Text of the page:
Not in front of the parents
How can we ensure Teenagers learn their limits on post-Leaving Certificate holidays
There are some things parents are better off not knowing – or even imagining – and the antics of post-Leaving Certificate holidays definitely fall into that category.
In the era of cheap travel and teenagers’ burgeoning sense of entitlement, it has become a rite of passage.
For many 18 year olds, it’s their first holiday abroad without their parents. And the relief at the exams being over adds to that sense of freedom and craving for a good time .
Magaluf (affectionately known as Shagaluf) in Mallorca is the “in” destination for the class of 2013, while last year it was Ayia Napa in Cyprus. However, no matter what the backdrop, the scenario is much the same: being young, Irish and over there means, almost inevitably, that copious amounts of alcohol are consumed, with all the associated risky behaviour that fuels.
Parents just have to hope their teenagers don’t pay too high a price for learning their limits and that the worst souvenir they come home with is a discreet tattoo. (And no, getting your school’s motto tattooed down from your armpit, as at least one group from a private boys’ school in Dublin reportedly did in Magaluf, is not discreet – even if the loyalty to their alma mater is touching.)
For the parents of the one in 10 who, according to a survey published last month by Gohop.ie travel agency, were not allowed to take a post-Leaving holiday abroad, the whole prospect was non-negotiable.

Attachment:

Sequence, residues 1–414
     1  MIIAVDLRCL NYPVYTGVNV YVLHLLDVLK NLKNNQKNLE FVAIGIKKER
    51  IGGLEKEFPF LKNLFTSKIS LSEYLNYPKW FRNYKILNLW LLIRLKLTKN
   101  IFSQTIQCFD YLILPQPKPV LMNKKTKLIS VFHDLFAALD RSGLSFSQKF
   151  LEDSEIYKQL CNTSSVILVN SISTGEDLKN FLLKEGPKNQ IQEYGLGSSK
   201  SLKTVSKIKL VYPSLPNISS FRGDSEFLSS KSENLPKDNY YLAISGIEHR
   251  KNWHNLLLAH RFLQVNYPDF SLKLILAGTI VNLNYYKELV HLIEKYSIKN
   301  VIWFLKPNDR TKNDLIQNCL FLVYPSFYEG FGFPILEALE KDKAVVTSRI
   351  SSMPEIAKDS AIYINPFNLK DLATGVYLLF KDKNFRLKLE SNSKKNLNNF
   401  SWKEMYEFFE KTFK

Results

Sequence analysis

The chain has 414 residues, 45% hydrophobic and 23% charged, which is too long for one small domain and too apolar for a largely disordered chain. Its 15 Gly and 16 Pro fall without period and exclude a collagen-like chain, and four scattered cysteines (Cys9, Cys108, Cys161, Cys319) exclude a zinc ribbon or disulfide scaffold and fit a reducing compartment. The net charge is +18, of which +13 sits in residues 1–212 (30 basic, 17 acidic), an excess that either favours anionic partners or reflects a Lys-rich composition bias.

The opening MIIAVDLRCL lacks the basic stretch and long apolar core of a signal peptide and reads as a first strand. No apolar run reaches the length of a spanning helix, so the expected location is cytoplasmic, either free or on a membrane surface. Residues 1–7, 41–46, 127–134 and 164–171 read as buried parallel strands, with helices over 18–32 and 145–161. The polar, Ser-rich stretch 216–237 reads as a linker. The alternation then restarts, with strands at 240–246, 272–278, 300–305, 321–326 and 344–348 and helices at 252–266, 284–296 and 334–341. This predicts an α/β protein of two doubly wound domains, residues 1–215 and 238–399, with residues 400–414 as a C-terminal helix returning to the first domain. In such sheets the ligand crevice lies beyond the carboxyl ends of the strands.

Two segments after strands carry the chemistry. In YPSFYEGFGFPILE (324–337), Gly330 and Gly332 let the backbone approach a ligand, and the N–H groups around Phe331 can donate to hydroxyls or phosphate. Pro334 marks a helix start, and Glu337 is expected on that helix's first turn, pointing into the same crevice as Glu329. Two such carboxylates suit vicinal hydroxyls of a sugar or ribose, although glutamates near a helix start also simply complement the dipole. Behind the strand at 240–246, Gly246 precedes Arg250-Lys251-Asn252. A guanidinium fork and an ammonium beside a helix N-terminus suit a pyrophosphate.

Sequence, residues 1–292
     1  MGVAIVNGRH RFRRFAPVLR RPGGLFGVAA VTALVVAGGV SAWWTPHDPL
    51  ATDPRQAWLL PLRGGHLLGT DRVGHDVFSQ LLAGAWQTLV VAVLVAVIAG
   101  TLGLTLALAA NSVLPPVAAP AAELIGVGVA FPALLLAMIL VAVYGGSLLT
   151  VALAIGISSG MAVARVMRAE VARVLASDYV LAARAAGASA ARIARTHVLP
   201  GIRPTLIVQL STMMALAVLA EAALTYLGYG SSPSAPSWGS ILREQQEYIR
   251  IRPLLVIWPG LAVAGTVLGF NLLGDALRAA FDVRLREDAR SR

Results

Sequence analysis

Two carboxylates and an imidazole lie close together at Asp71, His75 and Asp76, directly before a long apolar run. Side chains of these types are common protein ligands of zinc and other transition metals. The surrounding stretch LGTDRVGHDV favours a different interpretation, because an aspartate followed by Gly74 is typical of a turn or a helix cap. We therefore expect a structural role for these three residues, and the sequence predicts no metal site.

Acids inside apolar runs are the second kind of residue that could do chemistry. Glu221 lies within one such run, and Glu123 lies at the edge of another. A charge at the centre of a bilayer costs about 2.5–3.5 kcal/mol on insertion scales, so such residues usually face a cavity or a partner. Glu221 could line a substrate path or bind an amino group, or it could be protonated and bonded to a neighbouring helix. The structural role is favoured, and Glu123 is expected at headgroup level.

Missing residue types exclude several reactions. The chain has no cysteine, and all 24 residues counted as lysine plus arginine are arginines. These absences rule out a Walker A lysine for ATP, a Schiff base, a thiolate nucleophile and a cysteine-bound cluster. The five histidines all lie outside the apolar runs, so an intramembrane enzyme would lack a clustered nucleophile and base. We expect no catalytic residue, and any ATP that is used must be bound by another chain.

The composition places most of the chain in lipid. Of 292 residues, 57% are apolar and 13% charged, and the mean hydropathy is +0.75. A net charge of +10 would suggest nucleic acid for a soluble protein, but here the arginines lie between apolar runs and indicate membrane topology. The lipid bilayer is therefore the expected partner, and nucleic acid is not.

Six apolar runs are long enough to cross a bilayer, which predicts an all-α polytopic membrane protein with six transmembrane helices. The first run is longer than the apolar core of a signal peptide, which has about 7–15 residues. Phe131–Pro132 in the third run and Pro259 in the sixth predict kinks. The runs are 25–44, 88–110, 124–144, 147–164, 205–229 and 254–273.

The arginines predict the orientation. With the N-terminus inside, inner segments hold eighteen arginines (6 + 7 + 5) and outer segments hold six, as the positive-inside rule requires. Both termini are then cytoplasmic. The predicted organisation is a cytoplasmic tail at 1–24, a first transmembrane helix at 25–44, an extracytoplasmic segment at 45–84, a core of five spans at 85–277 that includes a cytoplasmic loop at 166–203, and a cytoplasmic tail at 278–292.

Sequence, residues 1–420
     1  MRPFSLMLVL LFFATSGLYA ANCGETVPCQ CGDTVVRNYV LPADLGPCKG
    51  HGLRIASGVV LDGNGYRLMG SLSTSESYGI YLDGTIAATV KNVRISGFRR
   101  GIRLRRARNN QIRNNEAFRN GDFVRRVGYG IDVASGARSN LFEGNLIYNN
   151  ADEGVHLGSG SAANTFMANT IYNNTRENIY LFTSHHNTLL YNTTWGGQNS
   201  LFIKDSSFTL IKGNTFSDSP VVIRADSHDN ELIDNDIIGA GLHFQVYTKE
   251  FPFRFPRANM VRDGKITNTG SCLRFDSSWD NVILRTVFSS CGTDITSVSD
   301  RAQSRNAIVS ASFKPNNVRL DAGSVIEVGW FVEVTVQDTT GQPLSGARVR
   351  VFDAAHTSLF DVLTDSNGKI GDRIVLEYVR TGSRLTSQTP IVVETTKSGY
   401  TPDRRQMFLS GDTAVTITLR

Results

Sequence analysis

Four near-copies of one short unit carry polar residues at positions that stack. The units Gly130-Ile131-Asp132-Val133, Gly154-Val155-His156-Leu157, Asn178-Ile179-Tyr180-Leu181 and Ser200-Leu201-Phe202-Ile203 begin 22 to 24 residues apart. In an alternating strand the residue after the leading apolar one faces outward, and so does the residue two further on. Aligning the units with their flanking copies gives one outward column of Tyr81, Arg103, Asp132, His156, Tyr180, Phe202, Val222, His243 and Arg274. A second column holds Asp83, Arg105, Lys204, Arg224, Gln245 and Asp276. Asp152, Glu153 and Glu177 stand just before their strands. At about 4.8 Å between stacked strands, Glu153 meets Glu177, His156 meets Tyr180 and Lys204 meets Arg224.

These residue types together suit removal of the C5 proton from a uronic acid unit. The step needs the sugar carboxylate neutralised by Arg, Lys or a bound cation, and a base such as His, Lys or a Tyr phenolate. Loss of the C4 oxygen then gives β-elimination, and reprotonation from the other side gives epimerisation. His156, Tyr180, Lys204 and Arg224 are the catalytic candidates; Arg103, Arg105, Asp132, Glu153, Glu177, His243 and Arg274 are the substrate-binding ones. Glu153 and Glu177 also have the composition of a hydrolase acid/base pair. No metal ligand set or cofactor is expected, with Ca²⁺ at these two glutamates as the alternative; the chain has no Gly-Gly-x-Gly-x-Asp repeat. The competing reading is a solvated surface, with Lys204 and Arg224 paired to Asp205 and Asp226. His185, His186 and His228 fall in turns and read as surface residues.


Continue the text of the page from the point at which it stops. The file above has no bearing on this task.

However, for the rest who wave their teenagers off, it’s a matter of “keeping fingers crossed and hoping for the best”, says one Dublin mother.
“Maybe I’m naive but I really don’t think they are having sex all over the place. Listening to the stories of the girls in the house, I don’t think they are.
“The boys are so immature at 18, the girls just chew them up,” she says. The girls are more concerned about looking glam for each other.
She recalls that when she went out to the airport to collect her daughter after her post-Leaving holiday in Ayia Napa last year, she couldn’t believe she had been in the sun for a week.
“She was paler coming back than she was going because they party all night and don’t get up during the day.”
However, despite the bad press these holidays get, she believes young people look out for each other very well. “They are not stupid.”
Often a group of friends will take turns to stay sober one night and take responsibility for making sure everybody else is okay.
It is not just a matter of trusting your teenager – but your own parenting too. The ground work for their first holiday alone comes many years before the last-minute pep talk on the way to the airport. And the ones who go wildest usually have “form” back in Ireland.
The immediate, post-exams wave of holidaying teenagers has gone out and back at this stage, but other departures are staggered through July and some leave it until after the results, expected on August 14th.